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ANALYSIS: By Patrick Decloitre, RNZ Pacific correspondent French Pacific desk

An “organic law” to postpone New Caledonia’s provincial elections has passed the final hurdle and been endorsed by the French National Assembly.

During a session on Monday marked by poor attendance (only 104 MPs out of 577) and sometimes heated debates, 71 French MPs voted in favour and 31 against.

Late February, the same Bill was also endorsed by the French Upper House, the Senate, by a large majority of 307 for and 34 against.

The “organic law” effectively moves the date of New Caledonia’s provincial elections (initially scheduled for May 2024) to December 15 “at the latest”.

The date change was clearly designed to provide more time for local politicians to arrive at an inclusive and bipartisan agreement which would lay the foundations for a political agreement and a new institutional status after the Nouméa Accord (signed in 1998) has been in force in the French Pacific archipelago for the past 25 years.

The Accord had prescribed that three self-determination referendums should take place in New Caledonia, which was the case over the past five years.

All three consultations (held in 2018, 2020 and 2021) yielded a narrow “no” to independence, although the third one (held in late 2021) had been contested by the pro-independence movement after a boycott due to the impact of the covid pandemic on indogenous Kanaks.

The Nouméa Accord stipulated that after those three referendums had been held, and if they had resulted in three “no” notes, then politicians should meet and hold forward-looking talks to analyse “the situation thus created”.

Over the past two years, France has tried to create the conditions for those talks to be held, but some components of the pro-independence umbrella FLNKS (Kanak and Socialist National Liberation Front) are yet to join the local and inclusive format of the political talks.

In the pro-French camp, divisions have also surfaced with some parties attending talks but refusing to sit with other pro-French components.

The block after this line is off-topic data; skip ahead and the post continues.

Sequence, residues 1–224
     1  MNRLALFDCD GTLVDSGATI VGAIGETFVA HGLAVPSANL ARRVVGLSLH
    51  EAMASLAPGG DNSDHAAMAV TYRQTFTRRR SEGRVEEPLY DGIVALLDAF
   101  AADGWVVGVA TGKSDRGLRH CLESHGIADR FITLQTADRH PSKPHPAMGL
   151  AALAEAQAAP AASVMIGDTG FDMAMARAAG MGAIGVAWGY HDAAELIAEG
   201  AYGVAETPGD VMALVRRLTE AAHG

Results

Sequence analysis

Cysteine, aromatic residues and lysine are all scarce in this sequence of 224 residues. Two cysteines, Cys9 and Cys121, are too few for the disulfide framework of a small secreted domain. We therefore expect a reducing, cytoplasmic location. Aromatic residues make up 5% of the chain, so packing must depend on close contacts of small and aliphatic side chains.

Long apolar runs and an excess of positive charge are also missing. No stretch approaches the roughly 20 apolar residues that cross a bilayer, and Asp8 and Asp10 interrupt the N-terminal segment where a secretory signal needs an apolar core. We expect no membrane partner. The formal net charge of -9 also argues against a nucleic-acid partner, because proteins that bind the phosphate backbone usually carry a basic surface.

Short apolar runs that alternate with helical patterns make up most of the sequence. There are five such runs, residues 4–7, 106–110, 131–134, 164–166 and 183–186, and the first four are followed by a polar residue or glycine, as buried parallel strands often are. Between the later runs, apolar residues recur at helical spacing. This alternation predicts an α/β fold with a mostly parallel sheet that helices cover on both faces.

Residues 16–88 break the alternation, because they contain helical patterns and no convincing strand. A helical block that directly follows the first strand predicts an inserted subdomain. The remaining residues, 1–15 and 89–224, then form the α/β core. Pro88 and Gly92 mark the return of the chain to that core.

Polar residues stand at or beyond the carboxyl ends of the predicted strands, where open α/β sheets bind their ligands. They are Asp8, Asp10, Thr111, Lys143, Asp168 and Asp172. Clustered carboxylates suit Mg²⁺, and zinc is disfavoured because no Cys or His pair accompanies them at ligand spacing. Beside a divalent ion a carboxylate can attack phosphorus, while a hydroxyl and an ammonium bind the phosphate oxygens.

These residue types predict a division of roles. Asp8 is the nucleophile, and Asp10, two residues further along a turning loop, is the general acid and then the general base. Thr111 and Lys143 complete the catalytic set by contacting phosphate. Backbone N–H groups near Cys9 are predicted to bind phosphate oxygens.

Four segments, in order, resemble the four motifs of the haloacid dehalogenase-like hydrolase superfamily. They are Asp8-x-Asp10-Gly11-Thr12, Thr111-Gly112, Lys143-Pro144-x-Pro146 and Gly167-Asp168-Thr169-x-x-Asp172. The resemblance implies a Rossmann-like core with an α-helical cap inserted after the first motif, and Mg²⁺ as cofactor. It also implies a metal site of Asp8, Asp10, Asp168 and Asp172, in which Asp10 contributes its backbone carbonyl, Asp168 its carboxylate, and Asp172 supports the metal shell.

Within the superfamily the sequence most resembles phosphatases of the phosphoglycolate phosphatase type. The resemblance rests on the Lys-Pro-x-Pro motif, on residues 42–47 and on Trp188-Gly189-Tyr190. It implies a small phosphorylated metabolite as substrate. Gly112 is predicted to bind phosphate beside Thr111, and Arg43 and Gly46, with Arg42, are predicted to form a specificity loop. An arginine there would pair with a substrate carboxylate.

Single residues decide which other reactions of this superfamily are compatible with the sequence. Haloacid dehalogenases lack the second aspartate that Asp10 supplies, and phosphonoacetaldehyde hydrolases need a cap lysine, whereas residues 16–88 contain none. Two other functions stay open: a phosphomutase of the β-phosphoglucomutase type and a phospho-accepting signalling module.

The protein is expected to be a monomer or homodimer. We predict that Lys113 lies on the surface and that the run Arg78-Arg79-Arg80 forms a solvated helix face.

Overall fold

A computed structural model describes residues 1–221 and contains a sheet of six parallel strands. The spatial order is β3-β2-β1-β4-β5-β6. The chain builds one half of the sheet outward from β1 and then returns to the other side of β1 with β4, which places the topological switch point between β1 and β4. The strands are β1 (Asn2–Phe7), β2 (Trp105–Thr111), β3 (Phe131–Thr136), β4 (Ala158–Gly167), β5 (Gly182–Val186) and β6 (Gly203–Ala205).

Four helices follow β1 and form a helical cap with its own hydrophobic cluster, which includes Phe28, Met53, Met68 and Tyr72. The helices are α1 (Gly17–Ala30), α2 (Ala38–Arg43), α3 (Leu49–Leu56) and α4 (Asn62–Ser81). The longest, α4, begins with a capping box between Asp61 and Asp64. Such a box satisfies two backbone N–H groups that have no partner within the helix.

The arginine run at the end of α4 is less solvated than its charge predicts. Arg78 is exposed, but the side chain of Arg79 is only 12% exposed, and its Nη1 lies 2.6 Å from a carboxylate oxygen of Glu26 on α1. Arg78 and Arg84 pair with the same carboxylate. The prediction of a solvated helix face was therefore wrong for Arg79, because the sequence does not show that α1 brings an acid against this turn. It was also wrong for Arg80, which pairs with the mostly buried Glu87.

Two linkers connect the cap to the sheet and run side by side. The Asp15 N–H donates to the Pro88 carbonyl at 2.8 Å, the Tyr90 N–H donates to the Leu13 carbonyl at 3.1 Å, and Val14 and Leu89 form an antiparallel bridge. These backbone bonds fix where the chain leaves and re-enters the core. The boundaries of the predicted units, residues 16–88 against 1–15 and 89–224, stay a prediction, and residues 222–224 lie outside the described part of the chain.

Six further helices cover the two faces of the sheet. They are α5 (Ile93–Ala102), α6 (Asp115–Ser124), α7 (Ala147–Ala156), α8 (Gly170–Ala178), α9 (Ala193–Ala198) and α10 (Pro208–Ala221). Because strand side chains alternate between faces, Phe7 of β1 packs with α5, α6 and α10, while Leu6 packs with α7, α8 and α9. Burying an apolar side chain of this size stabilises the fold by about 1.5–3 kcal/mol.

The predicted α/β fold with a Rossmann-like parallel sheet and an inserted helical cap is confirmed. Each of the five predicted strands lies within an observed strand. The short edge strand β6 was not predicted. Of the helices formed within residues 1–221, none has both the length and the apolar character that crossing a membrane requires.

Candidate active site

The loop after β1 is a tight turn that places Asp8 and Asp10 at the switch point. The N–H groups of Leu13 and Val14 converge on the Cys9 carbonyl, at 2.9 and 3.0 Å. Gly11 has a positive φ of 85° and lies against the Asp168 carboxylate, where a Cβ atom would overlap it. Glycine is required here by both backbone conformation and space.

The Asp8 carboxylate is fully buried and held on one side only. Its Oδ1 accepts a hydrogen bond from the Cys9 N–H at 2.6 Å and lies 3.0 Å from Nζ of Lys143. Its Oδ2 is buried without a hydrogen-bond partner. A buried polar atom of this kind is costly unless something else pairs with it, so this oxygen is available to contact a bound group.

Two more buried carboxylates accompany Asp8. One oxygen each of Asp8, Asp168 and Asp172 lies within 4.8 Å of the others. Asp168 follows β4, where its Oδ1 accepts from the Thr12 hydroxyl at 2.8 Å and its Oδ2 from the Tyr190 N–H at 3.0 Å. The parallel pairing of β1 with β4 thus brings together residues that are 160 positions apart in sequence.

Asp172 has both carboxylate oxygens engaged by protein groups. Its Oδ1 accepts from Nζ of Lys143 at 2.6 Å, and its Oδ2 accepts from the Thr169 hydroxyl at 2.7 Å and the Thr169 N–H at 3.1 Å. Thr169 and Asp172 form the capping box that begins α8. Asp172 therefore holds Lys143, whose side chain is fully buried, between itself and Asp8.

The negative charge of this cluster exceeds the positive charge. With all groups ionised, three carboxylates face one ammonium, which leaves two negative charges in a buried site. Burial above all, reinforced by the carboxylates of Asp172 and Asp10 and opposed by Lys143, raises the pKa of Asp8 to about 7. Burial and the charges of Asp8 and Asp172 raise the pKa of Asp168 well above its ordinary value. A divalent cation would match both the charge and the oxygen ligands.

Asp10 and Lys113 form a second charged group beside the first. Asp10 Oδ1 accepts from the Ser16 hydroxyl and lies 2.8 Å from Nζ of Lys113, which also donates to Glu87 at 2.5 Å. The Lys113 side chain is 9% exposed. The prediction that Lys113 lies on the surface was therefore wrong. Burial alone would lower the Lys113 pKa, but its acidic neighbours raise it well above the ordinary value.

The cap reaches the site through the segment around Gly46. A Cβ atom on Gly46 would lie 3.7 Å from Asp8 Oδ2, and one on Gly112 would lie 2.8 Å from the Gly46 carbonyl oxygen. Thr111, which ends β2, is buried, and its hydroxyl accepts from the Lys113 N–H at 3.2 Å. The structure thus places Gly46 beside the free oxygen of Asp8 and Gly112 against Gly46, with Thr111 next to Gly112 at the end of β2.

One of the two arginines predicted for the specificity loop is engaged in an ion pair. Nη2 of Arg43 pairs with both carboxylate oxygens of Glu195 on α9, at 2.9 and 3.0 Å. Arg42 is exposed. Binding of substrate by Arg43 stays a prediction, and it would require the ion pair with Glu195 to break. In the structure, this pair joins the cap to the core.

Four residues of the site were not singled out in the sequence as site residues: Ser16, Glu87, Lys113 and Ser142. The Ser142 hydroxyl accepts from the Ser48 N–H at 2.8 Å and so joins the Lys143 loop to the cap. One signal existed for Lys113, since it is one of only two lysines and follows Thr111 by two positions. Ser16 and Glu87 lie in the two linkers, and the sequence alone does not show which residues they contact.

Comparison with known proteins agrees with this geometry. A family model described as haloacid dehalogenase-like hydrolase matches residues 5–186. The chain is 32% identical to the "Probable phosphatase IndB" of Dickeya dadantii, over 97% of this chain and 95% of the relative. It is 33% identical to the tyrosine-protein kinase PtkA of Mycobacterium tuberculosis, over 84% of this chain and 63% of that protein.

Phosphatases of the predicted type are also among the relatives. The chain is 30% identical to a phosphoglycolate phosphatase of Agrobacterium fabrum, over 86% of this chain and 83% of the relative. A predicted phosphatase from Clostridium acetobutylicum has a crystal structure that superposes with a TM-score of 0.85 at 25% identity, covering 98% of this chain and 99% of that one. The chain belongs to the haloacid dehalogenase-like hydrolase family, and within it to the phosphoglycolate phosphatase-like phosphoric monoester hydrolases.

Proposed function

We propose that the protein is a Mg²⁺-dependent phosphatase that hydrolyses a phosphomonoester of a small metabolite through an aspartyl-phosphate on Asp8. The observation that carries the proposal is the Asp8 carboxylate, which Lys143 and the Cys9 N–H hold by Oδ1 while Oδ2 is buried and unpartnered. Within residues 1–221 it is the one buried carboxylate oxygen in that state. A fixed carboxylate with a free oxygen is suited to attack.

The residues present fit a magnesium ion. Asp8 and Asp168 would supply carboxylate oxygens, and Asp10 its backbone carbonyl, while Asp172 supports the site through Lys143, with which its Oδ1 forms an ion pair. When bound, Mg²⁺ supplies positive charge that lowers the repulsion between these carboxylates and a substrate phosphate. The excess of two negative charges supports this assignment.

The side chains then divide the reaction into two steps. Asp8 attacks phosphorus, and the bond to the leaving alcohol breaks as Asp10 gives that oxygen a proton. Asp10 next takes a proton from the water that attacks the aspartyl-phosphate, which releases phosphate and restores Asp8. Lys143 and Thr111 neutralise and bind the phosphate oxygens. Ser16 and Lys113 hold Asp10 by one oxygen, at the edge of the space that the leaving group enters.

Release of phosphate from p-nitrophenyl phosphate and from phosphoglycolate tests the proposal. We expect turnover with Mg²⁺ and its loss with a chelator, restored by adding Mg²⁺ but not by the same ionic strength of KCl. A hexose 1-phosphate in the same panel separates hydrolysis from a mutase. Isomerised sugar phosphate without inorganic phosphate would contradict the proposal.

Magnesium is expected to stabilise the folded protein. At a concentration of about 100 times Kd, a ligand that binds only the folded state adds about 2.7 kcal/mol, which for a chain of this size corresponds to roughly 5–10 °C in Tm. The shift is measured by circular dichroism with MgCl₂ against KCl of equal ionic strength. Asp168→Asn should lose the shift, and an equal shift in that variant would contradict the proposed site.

3 MPs from French National Assembly on a mission to French Overseas territories
Three MPs from the French National Assembly on a mission to French Overseas Territories, including the French Pacific. Image: LNC

Constitutional changes
The postponement of provincial elections now paves the way for another French government project, promoted by Home Affairs and Overseas Minister Gérald Darmanin — who has visited New Caledonia half a dozen times since 2023 — for a constitutional amendment directly related to New Caledonia’s political future.

The amendment is also related to local elections in the sense that it purports to modify the conditions of eligibility once prescribed, on a transitional basis, by the Nouméa Accord.

What has been since referred to as the “frozen” electoral roll (enforced since 2007) allowed only French citizens who had resided in New Caledonia before 1998 to vote in those provincial elections (for the three parliaments of the Southern, Northern and Loyalty Islands provinces).

The Constitutional amendment, if adopted by the French Congress (a special joint gathering of both the Upper and Lower Houses — the Senate and the National Assembly) by a majority of three fifths, would now change this and allow citizens to vote in the local elections provided they have been residing in New Caledonia for at least 10 uninterrupted years.

Darmanin has on several occasions defended the draft amendment, saying the “frozen” roll was not compatible with France’s “democratic principles” — that it effectively denied about 25,000 citizens (both indigenous Kanaks and non-Kanaks) in New Caledonia the right to vote at the local elections.

The new text would re-introduce “minimal democratic conditions”.

The constitutional amendment has been strongly criticised by pro-independence parties, who fear the “unfrozen” version of the electoral roll would create a situation whereby they could become a minority.